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Responding to Natural Disasters

The Corps' role in responding to natural disasters has evolved since just after the Civil War. Direct federal participation in disaster relief began in 1865 when the federal government helped freed blacks survive flooding along the Mississippi. The Corps' first formal disaster relief mission was during the Mississippi Flood of 1882, when it supported Army Quartermaster Corps' efforts to rescue people and property. Army engineers played a critical role in responding to the Johnstown, Pennsylvania, flood of 1889 and the San Francisco earthquake of 1906.

In 1917, the Army reorganized its disaster relief responsibilities and assigned command and control during disaster situations to department or Corps area commanders. Following major flooding in 1937, the chief of engineers ordered all engineer districts to develop flood emergency plans.

In 1947, the Corps responded to an explosion of 2,400 tons of ammonium nitrate on board a ship docked in Texas City, Texas. Two years later, it handled its first major snow removal emergency a massive blizzard on the Great Plains. By 1950, the Corps had established a reputation for responding quickly and effectively to disaster relief missions. Under the Federal Disaster Relief Act of 1950 the Corps continued to be the lead federal agency during flood disasters. Five years later, Congress passed Public Law 84 99 which improved the Corps' ability to fight floods. The law authorized an emergency fund of $15 million annually for flood emergency preparation, flood fighting and rescue operations, and repair or restoration of a flood control work.

During the 1960s the Corps responded to two powerful natural disasters: the Alaskan earthquake of 1964 and Hurricane Camille in 1969. The extensive damage caused by these events and Tropical Storm Agnes (1972) prompted Congress in 1974 to broaden federal responsibility for disaster assistance and assigning responsibility to federal agencies.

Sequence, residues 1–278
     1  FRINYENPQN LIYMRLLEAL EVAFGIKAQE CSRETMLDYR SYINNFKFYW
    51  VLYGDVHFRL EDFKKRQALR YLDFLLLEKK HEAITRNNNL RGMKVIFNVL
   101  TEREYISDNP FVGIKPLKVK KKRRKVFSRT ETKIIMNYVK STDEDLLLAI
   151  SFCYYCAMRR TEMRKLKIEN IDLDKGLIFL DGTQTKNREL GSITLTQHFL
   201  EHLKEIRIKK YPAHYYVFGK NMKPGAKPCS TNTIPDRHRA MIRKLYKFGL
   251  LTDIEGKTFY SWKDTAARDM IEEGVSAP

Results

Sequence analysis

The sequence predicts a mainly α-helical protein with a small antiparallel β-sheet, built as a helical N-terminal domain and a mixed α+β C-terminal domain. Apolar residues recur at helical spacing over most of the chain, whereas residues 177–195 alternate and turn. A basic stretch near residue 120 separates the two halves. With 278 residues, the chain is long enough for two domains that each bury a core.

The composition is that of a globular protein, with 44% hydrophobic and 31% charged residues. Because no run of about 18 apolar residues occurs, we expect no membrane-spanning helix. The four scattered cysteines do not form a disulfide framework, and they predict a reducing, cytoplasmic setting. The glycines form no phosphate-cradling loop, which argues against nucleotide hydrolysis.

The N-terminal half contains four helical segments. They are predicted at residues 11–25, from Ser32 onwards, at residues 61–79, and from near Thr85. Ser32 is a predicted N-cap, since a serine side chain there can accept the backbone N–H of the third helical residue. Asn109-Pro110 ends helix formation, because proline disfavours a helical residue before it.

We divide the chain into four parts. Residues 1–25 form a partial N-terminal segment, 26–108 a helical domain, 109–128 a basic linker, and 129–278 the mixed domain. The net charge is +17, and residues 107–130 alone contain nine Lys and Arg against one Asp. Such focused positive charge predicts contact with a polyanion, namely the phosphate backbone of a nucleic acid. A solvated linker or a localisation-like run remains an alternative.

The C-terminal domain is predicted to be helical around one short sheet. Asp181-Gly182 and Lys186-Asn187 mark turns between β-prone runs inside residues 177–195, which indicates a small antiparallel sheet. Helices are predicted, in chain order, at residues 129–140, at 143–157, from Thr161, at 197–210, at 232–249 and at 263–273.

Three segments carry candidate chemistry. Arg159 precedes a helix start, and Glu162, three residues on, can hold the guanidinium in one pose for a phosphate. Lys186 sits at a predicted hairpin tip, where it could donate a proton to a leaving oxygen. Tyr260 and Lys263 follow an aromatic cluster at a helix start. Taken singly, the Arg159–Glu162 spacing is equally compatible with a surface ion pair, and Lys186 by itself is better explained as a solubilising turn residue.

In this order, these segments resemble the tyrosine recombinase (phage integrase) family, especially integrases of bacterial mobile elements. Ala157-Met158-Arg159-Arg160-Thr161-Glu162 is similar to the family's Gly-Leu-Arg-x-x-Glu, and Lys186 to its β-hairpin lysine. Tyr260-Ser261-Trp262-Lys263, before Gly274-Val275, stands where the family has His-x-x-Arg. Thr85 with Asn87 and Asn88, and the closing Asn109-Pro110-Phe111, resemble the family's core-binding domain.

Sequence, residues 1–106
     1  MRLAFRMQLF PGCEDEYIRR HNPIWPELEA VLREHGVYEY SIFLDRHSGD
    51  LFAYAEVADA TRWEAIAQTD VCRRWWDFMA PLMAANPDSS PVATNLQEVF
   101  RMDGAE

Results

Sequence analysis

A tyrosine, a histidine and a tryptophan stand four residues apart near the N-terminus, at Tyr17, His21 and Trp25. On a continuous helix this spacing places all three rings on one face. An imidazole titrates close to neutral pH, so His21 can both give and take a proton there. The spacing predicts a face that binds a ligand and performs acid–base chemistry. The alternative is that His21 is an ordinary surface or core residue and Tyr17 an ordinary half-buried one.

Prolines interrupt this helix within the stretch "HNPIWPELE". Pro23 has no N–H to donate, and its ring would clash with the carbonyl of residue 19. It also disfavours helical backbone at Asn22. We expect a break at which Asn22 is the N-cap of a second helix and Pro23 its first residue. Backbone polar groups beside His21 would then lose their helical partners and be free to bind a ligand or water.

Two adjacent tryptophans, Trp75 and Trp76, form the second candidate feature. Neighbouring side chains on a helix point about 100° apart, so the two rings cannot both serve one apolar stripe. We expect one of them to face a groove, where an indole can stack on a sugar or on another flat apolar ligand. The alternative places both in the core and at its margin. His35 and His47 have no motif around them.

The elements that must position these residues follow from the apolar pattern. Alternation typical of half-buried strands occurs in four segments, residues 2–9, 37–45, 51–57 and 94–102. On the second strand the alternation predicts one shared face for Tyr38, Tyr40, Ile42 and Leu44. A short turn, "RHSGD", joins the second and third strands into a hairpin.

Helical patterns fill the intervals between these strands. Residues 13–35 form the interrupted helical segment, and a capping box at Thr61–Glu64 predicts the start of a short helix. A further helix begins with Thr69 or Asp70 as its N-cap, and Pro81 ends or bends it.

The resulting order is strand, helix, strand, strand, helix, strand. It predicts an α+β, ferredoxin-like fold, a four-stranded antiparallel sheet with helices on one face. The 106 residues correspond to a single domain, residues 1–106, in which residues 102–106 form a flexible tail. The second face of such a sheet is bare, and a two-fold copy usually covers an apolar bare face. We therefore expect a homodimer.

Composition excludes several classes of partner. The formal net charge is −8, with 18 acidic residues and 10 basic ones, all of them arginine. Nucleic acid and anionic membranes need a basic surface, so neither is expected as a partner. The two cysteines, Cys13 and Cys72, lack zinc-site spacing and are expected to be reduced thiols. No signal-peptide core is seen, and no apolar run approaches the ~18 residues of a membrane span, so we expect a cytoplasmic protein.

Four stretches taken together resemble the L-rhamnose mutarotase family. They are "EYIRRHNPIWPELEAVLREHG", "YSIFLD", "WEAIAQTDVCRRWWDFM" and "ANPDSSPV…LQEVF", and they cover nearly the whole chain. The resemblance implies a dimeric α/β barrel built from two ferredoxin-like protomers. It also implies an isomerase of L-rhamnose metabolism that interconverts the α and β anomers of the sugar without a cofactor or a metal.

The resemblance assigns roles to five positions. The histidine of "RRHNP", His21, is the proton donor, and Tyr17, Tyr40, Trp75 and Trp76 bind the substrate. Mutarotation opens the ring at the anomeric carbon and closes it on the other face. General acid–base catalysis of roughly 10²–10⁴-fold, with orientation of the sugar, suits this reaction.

By the 1980s the Corps' mission had expanded from flood fighting to other hazards. Consequently, the Corps established an emergency management program. In 1988 the Robert T. Stafford Disaster Relief and Emergency Assistance Act authorized the Federal Emergency Management Agency to provide for all disasters, regardless of cause. The Corps works closely with FEMA in many natural disasters including floods, earthquakes, and volcanic eruptions.

Between 1989 and 1992, the Corps responded to the largest and most destructive oil spill in U.S. history in Prince William Sound in Alaska. It also responded to Hurricane Hugo, which caused major damage in the Virgin Islands and coast of the Carolinas, and to the Loma Prieta Earthquake in California. The 1990s brought even costlier natural disasters. Between 1992 and 1995 the Corps performed major repair and rehabilitation work in the wake of Hurricanes Andrew and Iniki, record flooding on the Mississippi and Missouri rivers, and the Northridge earthquake in California.

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